Some of my friends do the tsk-tsk lament when politicians are not sufficiently wonkish with their policy proposals. I recommend against the pearl-clutching routine because I point out to them that people with graduate degrees are only 5% of the U.S. population and are not the intended audience for most stump speeches. When I want sophistication and nuance, I look to the legislation being offered, and usually, it’s there.
It is an important life skill to recognize that not every bit of information that you encounter is intended with *you* specifically in mind as the beneficiary. At best, this imbues you with the virtue of humility. At a minimum, it will you make you a more savvy processor of information.
I ask that you keep this in mind when you read business and investment-related commentary because the goals of most sites is not to help you build a passive, intergenerational collection of assets.
There are two alternative premises that are pursued in delivering content that may affect your investment decisions:
First, most business news is provided with the aim to maximize viewership. I have only written three articles that tangentially concern Donald Trump, and all three of those articles fall within the top ten I have ever written in terms of page view count.
Second, even when you encounter information that has the good-faith aim of helping you make money, the time horizon is so short that the practical utility of the advice is speculation at best. People are interested in what Tesla, Netflix, and Amazon will do in the next twelve months. Very few investment writers couch their analysis in the language of the 2017-2027 timeframe.
If you spend time reading CNBC, Seeking Alpha, The Wall Street, or The New York Times business section, you should keep in mind two separate questions when you read stock-specific articles: (1) Does this cover a typical frequently prone to exaggeration, such as the tabloid side of politics and the fashionable stock of the day? (2) Does this contain any information that could be referenced as important five years from now?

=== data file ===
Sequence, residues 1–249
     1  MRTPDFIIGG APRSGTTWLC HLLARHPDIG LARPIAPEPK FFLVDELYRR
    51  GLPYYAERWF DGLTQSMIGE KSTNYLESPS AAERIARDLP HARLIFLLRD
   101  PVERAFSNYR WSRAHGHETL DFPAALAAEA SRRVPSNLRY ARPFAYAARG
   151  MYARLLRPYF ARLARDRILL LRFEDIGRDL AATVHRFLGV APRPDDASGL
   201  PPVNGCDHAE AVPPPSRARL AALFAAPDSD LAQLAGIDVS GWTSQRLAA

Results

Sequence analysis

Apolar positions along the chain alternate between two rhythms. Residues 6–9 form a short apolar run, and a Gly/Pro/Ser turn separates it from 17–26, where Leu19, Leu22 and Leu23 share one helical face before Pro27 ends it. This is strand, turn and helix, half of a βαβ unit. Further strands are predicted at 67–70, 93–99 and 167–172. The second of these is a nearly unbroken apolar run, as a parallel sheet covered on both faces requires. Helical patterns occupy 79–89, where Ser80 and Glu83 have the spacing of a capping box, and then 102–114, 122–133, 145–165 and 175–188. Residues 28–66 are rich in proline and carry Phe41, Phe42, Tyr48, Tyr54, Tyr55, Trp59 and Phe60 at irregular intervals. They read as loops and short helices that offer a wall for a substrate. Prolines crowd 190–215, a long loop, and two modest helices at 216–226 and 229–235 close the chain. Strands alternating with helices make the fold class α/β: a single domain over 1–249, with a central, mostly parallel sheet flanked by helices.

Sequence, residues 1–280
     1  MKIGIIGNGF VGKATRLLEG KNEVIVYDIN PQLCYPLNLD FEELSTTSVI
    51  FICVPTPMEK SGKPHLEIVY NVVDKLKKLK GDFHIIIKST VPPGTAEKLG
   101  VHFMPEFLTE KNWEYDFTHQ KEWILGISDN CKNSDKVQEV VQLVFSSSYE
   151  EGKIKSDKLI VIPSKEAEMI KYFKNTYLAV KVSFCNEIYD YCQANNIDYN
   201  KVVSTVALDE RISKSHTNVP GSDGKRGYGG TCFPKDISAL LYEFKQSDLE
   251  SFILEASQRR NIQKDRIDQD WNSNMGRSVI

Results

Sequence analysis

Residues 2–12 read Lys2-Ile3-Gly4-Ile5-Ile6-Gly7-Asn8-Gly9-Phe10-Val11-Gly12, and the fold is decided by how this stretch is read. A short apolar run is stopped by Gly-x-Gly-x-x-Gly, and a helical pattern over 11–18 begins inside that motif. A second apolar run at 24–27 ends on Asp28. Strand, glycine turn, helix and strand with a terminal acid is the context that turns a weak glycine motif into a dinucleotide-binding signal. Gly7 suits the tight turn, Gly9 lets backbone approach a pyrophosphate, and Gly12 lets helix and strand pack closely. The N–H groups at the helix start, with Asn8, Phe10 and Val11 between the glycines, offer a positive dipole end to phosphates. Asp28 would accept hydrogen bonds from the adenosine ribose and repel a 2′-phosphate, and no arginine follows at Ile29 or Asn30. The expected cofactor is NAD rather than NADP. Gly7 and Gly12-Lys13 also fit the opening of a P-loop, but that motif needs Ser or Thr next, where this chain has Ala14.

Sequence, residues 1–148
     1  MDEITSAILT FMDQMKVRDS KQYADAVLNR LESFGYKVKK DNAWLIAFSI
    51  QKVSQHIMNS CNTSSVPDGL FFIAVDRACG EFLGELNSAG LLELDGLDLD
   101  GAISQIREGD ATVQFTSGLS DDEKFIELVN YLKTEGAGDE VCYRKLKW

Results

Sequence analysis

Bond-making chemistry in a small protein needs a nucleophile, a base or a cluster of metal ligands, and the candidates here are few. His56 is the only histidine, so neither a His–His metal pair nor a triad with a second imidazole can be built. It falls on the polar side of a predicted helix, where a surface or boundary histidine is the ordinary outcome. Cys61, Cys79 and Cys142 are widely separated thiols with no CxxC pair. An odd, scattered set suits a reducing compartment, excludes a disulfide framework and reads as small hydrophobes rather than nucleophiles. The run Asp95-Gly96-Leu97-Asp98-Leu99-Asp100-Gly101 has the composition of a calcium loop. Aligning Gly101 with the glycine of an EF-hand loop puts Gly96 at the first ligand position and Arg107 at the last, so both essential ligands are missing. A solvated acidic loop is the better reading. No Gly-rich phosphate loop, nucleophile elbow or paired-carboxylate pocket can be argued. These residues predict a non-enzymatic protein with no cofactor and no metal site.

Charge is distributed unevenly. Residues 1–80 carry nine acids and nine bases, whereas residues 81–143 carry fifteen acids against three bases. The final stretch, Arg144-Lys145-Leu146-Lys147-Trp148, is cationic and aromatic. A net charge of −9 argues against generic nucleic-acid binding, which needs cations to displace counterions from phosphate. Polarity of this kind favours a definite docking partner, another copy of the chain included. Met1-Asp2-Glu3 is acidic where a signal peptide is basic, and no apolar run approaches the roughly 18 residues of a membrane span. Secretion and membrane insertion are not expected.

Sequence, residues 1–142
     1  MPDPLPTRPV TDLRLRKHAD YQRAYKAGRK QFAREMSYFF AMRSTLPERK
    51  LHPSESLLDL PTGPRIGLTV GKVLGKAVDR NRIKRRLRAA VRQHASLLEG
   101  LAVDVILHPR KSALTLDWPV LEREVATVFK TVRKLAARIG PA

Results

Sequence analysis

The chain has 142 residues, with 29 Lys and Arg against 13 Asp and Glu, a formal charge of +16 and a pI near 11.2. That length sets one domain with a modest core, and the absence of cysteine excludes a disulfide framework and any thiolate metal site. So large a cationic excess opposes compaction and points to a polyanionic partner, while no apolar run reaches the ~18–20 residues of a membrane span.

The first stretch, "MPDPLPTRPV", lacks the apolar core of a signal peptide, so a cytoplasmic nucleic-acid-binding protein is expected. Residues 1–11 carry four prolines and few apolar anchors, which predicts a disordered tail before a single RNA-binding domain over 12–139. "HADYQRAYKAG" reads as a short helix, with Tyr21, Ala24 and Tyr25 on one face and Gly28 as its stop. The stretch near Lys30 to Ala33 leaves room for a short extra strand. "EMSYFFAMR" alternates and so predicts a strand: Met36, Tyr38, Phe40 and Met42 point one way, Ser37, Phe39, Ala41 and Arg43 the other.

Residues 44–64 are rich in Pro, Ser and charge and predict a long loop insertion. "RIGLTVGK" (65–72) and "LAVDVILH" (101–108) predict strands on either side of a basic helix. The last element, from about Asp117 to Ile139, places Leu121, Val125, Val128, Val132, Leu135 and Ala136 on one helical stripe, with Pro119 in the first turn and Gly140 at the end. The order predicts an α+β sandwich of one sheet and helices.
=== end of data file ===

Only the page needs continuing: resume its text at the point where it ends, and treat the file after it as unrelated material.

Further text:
On that second question, you should find yourself answering “no” to the supermajority of investment commentary that you read.
On the other hand, when you ask pension fund managers and those entrusted with maintaining generational wealth the question “How should I invest?”, the answers you will get will generally be homogenous.
The advice will contain the following: (1) Find businesses that have historically stable cash flows, moderate to low debt, and have low prospects of future technological disruption like Colgate-Palmolive, Nestle, and Johnson & Johnson; (2) Maintain adequate personal liquidity; (3) Diversify into at least two dozen different investments; (4) Put investments that generate the highest ongoing tax bills into the most tax-advantaged accounts. It always comes back to those four factors.
I offer this reminder because you might read mainstream and alternative news sources and wonder: “How come nothing is tailored to what I’m doing? Am I that out of it?” It is important to keep in mind that the payoff for media tailoring to long-term interests is very low. Writing articles about collecting yet another U.S. Bancorp dividend and seeing bank earnings increase by 7% has a very limited audience demand.
I wish that the number of people presently interested in the Kardashian’s latest exploits would take up an interest in generational wealth planning, and I wish the number of people currently interested in long-term investing would become the market size for the Kardashians. Then you might see some more articles that cover the role blue-chip stocks can play in creating true financial security. But I don’t know how to make that trade.
Part of the reason why I’m glad Warren Buffett made Berkshire Hathaway famous is because the country is devoid of investment role models. Berkshire’s 400,000,000 share position in Coca-Cola is one of the few investment stories that can showcase how $1 can turn into $25 over time if you are patient and follow the advice outlined above.
Don’t give into the spotlight fallacy and treat the lack of widespread discussion about passive investment strategies as proof that the goal is misplaced or impossible to execute. You need to keep in mind that delayed gratification and stable cash flows are not lucrative drivers of profit for business media outlets and this creates a tension between your best interest and what is profitable for media publications.